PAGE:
Continuing a 99-part series. You can find previous entries here. -promoted by desmoinesdem
This week I will review our third-smallest county in terms of population, Audubon County.
The 2010 census found 6,119 people living in the entire 443 square miles (22nd smallest) that are within Audubon County. Audubon County is directly west of Des Moines. According to Google Maps, the county seat of Audubon County, Audubon, is 84.8 road miles from the Iowa State Capitol building in Des Moines.
Audubon County was founded in 1851 when it was split from Pottawattamie County. And yes, it was named after John James Audubon. The highest population in the county was 13,626 in the 1900 census. Audubon County has lost population in every census since that time. The racial makeup of the county was 99.17 percent white, 0.15 percent Black or African-American, 0.09 percent Native American, 0.19 percent Asian, 0.03 percent from other races, and 0.38 percent from two or more races. 0.48 percent of the population were Hispanic or Latino of any race.
7.07 percent of the population live in households with income at or below the poverty level. Average personal income was estimated at $42,717 which was the thirteenth-highest of Iowa’s 99 counties. Audubon County had the 33rd lowest unemployment rate in 2010, 5.6 percent. (As of November 2016 the unemployment rate was 2.1 percent.) In terms of educational attainment, Audubon County has the 23rd lowest rate of residents having received a bachelors degree or higher, 15 percent.
Audubon County is currently a part of the fourth Congressional district and has been represented by Steve King (R) since 2003.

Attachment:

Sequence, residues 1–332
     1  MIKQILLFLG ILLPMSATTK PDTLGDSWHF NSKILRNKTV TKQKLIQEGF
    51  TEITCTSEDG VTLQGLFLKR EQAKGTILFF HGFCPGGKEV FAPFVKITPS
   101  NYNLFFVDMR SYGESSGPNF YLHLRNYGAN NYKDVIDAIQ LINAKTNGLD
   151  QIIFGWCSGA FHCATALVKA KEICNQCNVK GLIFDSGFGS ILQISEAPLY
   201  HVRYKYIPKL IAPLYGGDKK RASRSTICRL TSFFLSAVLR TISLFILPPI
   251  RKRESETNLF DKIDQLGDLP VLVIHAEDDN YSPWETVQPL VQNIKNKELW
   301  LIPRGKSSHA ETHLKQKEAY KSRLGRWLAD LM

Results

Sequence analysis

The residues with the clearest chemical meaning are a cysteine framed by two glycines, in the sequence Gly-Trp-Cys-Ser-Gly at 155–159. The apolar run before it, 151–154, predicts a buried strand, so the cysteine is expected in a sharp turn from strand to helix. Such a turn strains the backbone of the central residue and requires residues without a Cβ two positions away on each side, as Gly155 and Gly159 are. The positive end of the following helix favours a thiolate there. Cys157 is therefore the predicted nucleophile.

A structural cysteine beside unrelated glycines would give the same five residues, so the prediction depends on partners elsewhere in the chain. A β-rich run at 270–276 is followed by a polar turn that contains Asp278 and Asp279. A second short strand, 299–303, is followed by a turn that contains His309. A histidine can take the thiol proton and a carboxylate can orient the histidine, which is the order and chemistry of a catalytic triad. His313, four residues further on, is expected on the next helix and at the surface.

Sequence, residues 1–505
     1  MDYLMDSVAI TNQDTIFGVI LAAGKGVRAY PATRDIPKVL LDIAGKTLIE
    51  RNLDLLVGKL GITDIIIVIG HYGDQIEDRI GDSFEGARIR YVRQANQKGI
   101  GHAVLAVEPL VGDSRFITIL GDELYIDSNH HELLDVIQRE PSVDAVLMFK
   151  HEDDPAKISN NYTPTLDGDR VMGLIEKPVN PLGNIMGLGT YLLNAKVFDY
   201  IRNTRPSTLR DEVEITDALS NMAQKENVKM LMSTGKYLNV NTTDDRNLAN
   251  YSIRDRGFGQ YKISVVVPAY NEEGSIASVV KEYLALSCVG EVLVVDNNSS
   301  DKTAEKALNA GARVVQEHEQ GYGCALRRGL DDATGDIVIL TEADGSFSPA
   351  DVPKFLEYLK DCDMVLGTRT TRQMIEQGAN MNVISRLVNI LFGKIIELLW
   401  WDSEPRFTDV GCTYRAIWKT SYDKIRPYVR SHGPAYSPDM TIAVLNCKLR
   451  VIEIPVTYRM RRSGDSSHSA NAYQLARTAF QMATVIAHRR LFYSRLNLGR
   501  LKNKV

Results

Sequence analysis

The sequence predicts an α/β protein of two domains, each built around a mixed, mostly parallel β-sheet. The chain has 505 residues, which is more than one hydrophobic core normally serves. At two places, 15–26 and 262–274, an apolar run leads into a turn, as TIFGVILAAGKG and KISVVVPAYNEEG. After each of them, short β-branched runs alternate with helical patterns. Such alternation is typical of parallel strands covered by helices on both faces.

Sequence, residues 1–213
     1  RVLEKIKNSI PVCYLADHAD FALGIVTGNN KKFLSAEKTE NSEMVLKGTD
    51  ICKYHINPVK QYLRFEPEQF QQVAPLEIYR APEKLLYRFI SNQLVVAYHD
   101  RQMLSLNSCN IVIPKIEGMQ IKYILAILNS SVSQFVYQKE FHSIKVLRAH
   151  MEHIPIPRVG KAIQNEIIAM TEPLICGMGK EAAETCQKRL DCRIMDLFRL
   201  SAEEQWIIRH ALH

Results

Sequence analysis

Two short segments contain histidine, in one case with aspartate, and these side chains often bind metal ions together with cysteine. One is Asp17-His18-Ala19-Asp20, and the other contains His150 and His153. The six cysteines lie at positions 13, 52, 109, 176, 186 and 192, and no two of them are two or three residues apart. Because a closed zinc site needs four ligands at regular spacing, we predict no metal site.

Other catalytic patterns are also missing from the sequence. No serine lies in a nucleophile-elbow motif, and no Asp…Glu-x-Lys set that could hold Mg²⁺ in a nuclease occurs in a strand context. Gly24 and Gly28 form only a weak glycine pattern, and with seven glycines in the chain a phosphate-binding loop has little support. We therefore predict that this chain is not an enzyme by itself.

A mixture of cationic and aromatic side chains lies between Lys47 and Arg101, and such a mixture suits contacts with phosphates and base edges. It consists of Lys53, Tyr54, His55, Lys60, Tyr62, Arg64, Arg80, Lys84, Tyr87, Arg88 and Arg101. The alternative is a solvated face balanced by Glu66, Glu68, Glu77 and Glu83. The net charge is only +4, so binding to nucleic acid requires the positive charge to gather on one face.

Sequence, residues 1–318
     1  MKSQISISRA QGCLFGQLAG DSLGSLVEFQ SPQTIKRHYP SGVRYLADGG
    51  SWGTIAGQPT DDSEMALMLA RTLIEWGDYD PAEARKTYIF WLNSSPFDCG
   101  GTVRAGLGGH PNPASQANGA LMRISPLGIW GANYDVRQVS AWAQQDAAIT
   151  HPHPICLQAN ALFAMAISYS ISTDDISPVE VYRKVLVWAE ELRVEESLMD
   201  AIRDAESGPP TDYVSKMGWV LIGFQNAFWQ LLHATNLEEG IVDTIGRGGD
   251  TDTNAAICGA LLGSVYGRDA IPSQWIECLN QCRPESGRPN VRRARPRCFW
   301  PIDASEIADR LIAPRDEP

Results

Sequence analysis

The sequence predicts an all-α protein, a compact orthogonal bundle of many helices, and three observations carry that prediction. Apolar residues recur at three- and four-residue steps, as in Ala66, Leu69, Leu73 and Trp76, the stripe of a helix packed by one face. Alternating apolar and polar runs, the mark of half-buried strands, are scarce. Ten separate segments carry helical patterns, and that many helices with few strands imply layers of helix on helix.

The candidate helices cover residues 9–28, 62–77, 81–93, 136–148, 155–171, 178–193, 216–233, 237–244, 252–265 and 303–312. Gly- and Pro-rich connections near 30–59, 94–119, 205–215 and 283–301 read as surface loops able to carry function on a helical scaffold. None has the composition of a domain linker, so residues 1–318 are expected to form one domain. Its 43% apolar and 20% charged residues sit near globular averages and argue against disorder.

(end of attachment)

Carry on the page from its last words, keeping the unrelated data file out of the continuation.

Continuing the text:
Currently Audubon County is a part of Iowa Senate district 6, represented by Mark Segebart (R) and part of Iowa House district 12, represented by Brian Best (R).
2016 Elections Results
Donald Trump 2,136 (62.6 percent) Hillary Clinton 1,080 (31.7 percent) Others 196 (5.7 percent)
US Senate Chuck Grassley 2,323 (70.8 percent) Patty Judge 847 (25.8 percent) Others 112 (3.4 percent)
US House Steve King 2,011 (63.2 percent) Kim Weaver 1,167 (36.7 percent) Other 2 (0.1 percent)
Iowa Senate- Mark Segebart-R 2,123 (82.4 percent) Nick Serianni-Libertarian 450 (17.5 percent) Others 4 (0.2 percent) NO DEMOCRATIC candidate
Iowa House- Brian Best-R 2,144 (71.5 percent) Ken Myers-D 852 (28.4 percent) Others 1 (0.1 percent)
Since 1960, the Republican Nominee has carried Audubon County nine times and the Democratic Nominee six times, as recently as 2008. Romney carried Audubon county in 2012 by only 5.5 percent while Trump won in 2016 with a 31 percent advantage!
President Bill Clinton won Audubon County by 15 percent in 1996. The Audubon County Board of Supervisors has a 2-1 Republican majority. The county sheriff is an independent, and county auditor is a Republican.
While Audubon County was an electoral disaster for Democrats in 2016, at the presidential level it has been competitive as recently as 2012. Many 2016 election post mortems have pointed out the disastrous (for Democrats) collapse of support in rural areas that have little demographic diversity. Audubon County is an another almost perfect example of this problem.
Democrats cannot expect to find electoral success when losing counties by 31 percent in Presidential elections, 55 percent in Senate elections, 27 percent in US House elections, and definitely not by failing to have a candidate for Iowa Senate.
Next week: Taylor County
Sources: Iowa State University Iowa Community Indicators Program, Wikipedia, Dave Leip’s Atlas of Presidential Elections, Iowan Official Register (The Redbook), Iowa State Auditor